The Pulitzer Prize-winning creator of the 1619 Project, Nikole Hannah-Jones, has been named as the recipient of the Social Justice Impact Award at the 53rd NAACP Image Awards.
Hannah-Jones is a journalist at The New York Times Magazine and the Knight Chair of Race and Journalism at Howard University.
The 1619 Project reframed the American story through the lens of slavery.
Hannah-Jones made headlines last June when her alma mater, the University of North Carolina at Chapel Hill, announced that she would teach in the Knight Chair position that comes with the expectation of tenure.
Critics of her “1619 Project” complained and UNC doubled back, instead granting her a different role with the option for a tenure review in five years. Her tenure offer, was revoked. Following a public uproar and protests from other faculty members, the UNC again backtracked, offering Hannah-Jones tenure. She declined and accepted a faculty role at Howard University — an HBCU.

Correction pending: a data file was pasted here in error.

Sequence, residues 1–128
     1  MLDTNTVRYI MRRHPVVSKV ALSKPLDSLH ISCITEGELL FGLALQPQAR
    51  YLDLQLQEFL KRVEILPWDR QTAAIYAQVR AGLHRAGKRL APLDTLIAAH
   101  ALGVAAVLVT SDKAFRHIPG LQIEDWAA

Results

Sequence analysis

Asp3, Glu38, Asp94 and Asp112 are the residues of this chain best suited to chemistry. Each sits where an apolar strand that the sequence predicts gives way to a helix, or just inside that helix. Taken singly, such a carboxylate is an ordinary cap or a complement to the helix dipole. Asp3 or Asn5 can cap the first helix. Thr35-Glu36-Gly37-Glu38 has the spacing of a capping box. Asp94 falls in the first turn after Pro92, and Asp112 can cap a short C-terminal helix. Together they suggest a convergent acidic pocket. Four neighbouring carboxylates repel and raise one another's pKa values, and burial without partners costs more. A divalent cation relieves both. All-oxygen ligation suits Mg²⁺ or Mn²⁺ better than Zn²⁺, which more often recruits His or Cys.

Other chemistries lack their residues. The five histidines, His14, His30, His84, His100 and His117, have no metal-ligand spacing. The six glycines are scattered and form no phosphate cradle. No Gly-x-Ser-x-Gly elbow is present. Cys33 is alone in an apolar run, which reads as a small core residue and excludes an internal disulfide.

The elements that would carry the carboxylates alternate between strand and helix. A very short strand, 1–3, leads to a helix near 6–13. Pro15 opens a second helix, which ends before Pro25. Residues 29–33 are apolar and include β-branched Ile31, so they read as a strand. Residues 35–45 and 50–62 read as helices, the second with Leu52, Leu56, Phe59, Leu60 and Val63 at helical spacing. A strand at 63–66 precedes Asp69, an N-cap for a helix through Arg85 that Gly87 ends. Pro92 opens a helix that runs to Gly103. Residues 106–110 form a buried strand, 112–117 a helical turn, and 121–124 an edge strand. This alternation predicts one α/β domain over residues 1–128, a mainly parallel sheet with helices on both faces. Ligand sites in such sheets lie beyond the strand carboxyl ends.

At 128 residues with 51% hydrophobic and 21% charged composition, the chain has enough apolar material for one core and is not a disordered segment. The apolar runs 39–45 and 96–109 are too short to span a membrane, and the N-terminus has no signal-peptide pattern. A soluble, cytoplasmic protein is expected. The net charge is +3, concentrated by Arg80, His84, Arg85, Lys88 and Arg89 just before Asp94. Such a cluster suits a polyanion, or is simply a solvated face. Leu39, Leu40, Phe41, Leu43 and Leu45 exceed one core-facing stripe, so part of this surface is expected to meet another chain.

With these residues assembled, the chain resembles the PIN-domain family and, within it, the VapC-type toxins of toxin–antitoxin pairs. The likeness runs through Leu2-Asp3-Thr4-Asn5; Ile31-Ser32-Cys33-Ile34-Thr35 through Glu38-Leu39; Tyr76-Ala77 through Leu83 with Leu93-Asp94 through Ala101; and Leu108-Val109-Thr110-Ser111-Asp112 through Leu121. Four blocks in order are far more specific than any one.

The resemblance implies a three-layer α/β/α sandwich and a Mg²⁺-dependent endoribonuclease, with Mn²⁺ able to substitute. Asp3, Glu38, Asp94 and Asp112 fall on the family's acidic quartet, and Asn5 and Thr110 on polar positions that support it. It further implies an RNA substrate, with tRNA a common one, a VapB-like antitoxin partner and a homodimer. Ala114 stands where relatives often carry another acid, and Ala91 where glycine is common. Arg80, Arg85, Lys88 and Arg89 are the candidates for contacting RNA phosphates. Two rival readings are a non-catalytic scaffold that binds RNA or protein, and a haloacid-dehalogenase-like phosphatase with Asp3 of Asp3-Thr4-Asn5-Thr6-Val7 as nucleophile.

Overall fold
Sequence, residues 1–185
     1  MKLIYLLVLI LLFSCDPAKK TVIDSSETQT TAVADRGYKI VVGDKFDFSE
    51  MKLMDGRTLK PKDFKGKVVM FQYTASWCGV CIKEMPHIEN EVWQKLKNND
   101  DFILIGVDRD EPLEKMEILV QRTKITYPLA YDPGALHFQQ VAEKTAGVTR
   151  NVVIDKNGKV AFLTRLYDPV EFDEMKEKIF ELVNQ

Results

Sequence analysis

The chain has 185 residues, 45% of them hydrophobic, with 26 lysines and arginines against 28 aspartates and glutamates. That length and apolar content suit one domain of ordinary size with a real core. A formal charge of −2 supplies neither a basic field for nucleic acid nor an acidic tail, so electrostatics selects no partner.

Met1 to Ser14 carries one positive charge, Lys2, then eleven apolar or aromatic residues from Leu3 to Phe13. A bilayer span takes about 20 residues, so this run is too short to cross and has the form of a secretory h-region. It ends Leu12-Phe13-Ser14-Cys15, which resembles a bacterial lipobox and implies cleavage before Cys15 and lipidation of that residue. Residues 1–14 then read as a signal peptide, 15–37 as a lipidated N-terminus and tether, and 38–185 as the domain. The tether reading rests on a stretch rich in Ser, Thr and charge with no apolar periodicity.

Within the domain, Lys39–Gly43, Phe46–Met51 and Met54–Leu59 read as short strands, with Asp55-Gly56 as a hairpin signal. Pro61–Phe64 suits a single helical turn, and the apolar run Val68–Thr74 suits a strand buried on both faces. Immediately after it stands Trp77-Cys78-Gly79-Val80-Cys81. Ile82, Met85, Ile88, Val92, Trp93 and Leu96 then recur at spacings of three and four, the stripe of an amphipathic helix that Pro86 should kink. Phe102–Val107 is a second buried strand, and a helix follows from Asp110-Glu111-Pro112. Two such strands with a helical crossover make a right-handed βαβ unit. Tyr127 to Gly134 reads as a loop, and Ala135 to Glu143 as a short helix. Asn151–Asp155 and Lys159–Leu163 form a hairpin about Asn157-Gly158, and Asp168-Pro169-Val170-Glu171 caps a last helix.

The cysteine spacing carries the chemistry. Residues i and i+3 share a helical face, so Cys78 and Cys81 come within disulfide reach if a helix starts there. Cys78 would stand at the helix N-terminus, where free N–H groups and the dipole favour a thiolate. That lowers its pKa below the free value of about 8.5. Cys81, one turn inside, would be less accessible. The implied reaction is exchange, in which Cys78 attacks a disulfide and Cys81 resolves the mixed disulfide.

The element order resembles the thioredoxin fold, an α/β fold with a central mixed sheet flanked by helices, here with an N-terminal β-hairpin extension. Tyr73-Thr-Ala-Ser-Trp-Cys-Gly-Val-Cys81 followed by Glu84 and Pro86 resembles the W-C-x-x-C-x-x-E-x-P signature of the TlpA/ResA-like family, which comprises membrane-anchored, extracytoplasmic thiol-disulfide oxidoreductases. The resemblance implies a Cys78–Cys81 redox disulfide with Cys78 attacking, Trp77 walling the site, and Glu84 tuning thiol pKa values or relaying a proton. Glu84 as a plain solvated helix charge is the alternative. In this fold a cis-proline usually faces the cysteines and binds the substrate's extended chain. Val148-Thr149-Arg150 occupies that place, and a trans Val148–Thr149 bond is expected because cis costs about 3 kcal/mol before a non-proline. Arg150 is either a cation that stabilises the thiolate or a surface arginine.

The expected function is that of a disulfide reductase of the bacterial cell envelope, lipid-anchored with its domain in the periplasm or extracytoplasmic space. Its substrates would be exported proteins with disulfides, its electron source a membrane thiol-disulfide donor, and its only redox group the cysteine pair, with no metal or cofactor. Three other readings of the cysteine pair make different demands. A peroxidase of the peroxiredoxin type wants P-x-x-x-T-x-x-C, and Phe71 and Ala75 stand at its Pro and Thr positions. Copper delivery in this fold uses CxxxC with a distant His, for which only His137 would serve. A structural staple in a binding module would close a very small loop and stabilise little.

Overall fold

“These last few weeks have been very dark. To be treated so shabbily by my alma mater, by a university that has given me so much and which I only sought to give back to, has been deeply painful,” the journalist wrote in a letter explaining her decision to decline the offer.
“The only bright light has been all of the people who spoke up and fought back against the dangerous attack on academic freedom that sought to punish me for the nature of my work, attacks that Black and marginalized faculty face all across the country.”
Hannah-Jones’ project has led to a slew of bill proposals from Conservative lawmakers in at least five states, who are desperate to ban the teaching of critical Race Theory in classrooms across the country.
“This always was a propaganda campaign,” 1619 Project creator Hannah-Jones said on “Reliable Sources,” in December. “It was designed to drive white suburban people to the polls for Republicans and in some degrees, it’s been successful.”
Watch the NAACP Image Awards on Saturday, February 26, 2022, at 8/9c.